POLITICS, GENDER (Social Science)

Gender politics is a multifaceted concept in the social sciences. As a term it is used to refer to a wide range of phenomena, stemming from multiple and even competing meanings of gender and politics. Its definition is further complicated by the emergence of similar and related phrases like women and politics, gender and politics, and the politics of gender. This complexity indicates ongoing conceptual debates within research on gender and politics. At the same time, it reflects theoretical and empirical developments as the study of gender politics has evolved and grown to encompass a broad and heterogeneous set of topics.


Several definitions are necessary in order to grasp the scope and content of gender politics as a concept and a field of study. At the most basic level, it is crucial to distinguish between sex, gender, and sexuality. In their most common usages, sex denotes biological differences between men and women as male and female, gender describes the social meanings given to sexual differences through notions of masculine and feminine, and sexuality refers to sexual relations and questions of sexual orientation. However, definitions of all three of these terms, as well as the connections between them, are subject to a great deal of confusion and debate.

First, there is a tendency to identify all three terms with only one side of the dichotomies they represent: sex is often equated with female, gender with feminine, and sexuality with homosexuality. The result is that sex and gender are often treated as synonymous with women, while sexuality is considered only in relation to gays, lesbians, bisexuals, transsexuals, and transgendered individuals. Second, there are important disagreements on the ways in which sex, gender, and sexuality inform and are linked to one another. Although the binaries of sex and gender assume heterosexuality, for example, other sexual orientations raise questions about the necessary connections between male and masculine and female and feminine. These patterns intersect with debates about the causal relations between these terms: Although some argue that sex produces gender which leads to sexuality, others suggest that gender and compulsory heterosexual-ity give rise to distinctions on the basis of sex.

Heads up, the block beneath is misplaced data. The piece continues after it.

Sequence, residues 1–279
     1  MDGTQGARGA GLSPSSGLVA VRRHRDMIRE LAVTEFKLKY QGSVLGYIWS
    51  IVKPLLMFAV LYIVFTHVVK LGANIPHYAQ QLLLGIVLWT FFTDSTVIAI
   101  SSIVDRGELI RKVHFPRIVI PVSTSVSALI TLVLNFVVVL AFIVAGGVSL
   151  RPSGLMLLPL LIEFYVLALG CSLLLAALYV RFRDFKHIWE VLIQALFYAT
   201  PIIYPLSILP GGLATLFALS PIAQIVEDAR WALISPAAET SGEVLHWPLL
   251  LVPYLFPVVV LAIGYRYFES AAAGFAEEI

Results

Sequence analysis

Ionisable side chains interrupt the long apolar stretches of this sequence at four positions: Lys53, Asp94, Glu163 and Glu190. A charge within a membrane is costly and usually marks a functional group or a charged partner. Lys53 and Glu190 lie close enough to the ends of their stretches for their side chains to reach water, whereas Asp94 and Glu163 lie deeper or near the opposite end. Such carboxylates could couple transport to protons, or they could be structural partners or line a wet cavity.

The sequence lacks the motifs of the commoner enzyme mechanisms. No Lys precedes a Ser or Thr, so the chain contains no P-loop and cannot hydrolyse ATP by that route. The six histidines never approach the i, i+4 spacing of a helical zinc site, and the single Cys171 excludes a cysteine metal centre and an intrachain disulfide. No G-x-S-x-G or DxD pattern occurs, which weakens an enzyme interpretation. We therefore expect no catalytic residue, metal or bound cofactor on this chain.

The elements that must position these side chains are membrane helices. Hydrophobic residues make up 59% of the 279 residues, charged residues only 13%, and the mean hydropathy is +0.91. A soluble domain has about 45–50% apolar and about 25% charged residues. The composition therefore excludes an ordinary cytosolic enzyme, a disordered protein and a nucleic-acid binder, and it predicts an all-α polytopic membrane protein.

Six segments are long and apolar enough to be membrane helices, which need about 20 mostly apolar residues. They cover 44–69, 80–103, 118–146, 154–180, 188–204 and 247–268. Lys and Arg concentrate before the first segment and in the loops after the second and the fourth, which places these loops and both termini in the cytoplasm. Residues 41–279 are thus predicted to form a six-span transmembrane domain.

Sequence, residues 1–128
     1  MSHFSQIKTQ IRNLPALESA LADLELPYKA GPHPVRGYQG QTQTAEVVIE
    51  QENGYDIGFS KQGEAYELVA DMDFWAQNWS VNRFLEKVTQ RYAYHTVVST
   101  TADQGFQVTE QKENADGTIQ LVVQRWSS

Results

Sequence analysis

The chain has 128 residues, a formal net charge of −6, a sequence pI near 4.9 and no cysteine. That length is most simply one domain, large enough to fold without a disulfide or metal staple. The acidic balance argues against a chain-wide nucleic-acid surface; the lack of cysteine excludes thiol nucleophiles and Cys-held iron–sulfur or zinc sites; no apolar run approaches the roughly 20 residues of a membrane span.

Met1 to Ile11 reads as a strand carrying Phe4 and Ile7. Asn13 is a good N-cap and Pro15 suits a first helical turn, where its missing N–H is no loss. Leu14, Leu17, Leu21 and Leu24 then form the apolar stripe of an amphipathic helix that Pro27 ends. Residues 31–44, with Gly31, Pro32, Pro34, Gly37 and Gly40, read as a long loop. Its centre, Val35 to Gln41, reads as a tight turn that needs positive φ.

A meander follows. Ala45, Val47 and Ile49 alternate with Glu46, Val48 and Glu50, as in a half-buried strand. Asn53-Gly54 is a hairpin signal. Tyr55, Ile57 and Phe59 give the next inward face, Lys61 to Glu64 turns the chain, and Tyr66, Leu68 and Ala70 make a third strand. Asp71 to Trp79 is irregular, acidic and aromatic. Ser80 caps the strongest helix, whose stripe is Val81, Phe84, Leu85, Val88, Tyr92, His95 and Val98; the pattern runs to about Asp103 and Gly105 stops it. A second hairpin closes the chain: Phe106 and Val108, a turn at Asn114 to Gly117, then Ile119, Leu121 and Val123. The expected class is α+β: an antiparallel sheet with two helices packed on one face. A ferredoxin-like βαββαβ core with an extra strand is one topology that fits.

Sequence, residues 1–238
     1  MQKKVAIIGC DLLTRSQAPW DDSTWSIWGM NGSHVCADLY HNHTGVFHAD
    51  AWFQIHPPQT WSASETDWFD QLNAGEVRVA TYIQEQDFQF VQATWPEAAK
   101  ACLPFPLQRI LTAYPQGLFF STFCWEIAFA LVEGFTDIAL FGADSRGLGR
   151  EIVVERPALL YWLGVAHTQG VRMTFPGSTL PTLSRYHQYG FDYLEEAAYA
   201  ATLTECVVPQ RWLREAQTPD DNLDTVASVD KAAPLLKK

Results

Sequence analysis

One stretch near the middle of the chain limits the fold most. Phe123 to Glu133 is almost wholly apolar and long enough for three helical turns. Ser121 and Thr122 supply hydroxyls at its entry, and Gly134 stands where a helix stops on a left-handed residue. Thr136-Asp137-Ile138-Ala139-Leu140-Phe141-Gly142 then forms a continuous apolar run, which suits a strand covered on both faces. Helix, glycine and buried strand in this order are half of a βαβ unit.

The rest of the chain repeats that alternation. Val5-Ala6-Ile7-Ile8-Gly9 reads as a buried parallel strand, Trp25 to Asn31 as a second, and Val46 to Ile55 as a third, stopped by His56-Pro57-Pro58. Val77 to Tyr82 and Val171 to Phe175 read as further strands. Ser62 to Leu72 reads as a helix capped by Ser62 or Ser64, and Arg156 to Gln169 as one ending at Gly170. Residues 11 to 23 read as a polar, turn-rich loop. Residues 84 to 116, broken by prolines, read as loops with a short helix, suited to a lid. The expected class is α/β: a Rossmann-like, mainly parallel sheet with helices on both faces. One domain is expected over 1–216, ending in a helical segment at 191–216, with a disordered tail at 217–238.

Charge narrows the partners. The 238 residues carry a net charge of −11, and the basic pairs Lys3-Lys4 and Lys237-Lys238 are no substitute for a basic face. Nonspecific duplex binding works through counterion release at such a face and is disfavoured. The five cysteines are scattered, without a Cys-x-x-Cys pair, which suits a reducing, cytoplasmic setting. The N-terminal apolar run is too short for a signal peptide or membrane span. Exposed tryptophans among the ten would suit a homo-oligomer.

Parallel to these discussions, feminists and others have pioneered new uses for the term politics. Although many people employ this word to refer to formal political processes, like government and elections, politics has assumed at least two additional meanings in the last several decades. On the one hand, women’s movement activists have expanded its range to encompass informal politics and the dynamics of everyday life. They insist that social movements are a form of political participation on a par with engagement inside the state. At the same time, they draw attention to the power relations that permeate all levels of social life, including relations within the private sphere of home and family. For them, "the personal is political." On the other hand, feminist and postmodern theorists have adopted a broader notion of politics as any instance or manifestation of power relations. They are thus interested not only in the politics of the state and the politics of social movements, but also in the politics of language, the politics of exchange, and the politics of representation, to give but a few examples.

These debates, in turn, lead to a range of different understandings of the term gender politics and cause it to be confused with related terms like women and politics, gender and politics, and the politics of gender. Although many people use these phrases interchangeably, it is possible—on the basis of the theoretical distinctions outlined above—to carve out some general differences between them. Women and politics involves the study of various aspects of women’s political activity, whether this entails engagement in social movements, political parties, elected assemblies, or the state. Gender and politics covers many of these same topics, but in addition, implies attention to masculinities and femininities, as well as relations between men and women, as they operate in various political arenas. The politics of gender, finally, comprises a closer look at the power relations behind definitions of—and presumed causal relations between—sex, gender, and sexuality. In comparison, gender politics may refer to any and all of these distinct foci of investigation.

Individual disciplines take up the study of gender politics in various ways, depending on their core research interests and theoretical frameworks. Because various currents in sociology, anthropology, and philosophy embrace broad definitions of politics, scholars in these fields use the term gender politics in many different ways to refer to the study of women and politics, gender and politics, and the politics of gender. Ironically, political scientists tend to adopt a much narrower definition of gender politics to refer only to the study of women and politics and gender and politics, where the term politics encompasses only formal and informal political processes, to the exclusion of questions about broader power relations. Even this more restricted focus, however, has produced a wide range of literature that over time has expanded and evolved in terms of theoretical approaches and fields of empirical research.